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Mobile data is more than hyper-local marketing

Hyper-local marketing offers advantages in targeting the right audience through mobile devices, that's why many brands concentrate their data-efforts on it and connect the client at a time when he is in physical proximity to their offices. Starbucks, for example, sends a message to customers, if the system detects their location next to a particular coffee shop.

On the one hand, this is a very useful and efficient method, on the other - mobile data-campaigns should not be limited with hyper-local targeting. Craze for smartphones, coupled with modern technologies, opens the endless sea of possibilities for marketers. So if all you do in this area is reduced to the invitation of customers to come to your store when they are close by - you overlooked pretty much.

Return to the madness. We all know (by personal example as well) that people today can not live without their gadgets. According to an independent research, 91% of US adults do not unhand their phones throughout the day, or keep them in the immediate neighborhood. On average, every smartphone owner looks at the screen (thus performing an action) 150 times per day. By tracking these actions, data-marketers can learn a lot about their customers / potential customers.

Let's consider the possibilities of mobile targeting on the example of the same Starbucks. You can simply keep track of customers who find themselves near your coffee shop, and send them messages with invitations and special offers. Also you can go a little further into the data and find out that the same device was fixed at Starbucks coffee shops in 4 different cities over the past 30 days. From this we can conclude that the device owner is an often traveling businessman, and target this user accordingly. After all, the approach to this client must be distinct from the consumer, who constantly comes in the same coffee shop. Not to mention the fact that the user will be interesting for the airlines and the companies leasing cars.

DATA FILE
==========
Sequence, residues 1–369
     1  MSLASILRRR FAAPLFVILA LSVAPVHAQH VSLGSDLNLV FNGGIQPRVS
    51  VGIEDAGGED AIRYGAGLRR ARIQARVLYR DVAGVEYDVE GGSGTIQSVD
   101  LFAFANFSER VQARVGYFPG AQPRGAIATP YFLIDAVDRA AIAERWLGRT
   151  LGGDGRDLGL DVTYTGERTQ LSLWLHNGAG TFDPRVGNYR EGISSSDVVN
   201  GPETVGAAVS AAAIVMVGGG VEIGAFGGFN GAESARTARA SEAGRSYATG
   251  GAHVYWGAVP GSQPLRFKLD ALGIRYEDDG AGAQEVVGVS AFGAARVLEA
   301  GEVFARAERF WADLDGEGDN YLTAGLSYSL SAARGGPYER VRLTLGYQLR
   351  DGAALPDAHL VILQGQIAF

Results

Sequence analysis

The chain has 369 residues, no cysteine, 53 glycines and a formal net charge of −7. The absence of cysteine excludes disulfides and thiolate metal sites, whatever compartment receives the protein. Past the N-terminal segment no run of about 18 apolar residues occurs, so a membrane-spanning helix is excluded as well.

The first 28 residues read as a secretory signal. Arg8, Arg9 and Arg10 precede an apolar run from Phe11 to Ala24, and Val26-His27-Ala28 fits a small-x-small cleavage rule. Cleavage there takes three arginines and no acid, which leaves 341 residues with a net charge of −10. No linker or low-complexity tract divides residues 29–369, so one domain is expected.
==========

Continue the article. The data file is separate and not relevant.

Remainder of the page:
Smartphone owners use their mobile devices anytime and anywhere - on planes (over 80%), on the couch watching TV (86%), and even sitting on the toilet (75%). This means that Mobile Data gives marketers incomparably more information about target audiences than Web could ever make. The heyday of mobile Internet has changed the game, mainly because it allowed to learn everything or almost everything about life and interests of consumers. Thanks to mobile data brands can go beyond the online behavior of users and get some sort of a D-3 picture of their behavior in real life.

In desktop reality we used cookie-files in order to associate any actions of users with a relevant brand, product or service. Accordingly, behavioral segments and lookalike-models were formed basing on these actions. Nowadays marketers have the opportunity to go far beyond elementary targeting and predict the relevance of brands and advertising, using the huge amount of data in addition to the purchase history. It is also an opportunity for advertising agencies to reach a new level and start building brands.

So, do not forget that making efforts to be "hyper-local" for your mobile users, you can lose a huge amount of data-possibilities given by the mobile channel.
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WHAT INFLUENCES THE SUCCESS OF A BIG DATA PROJECT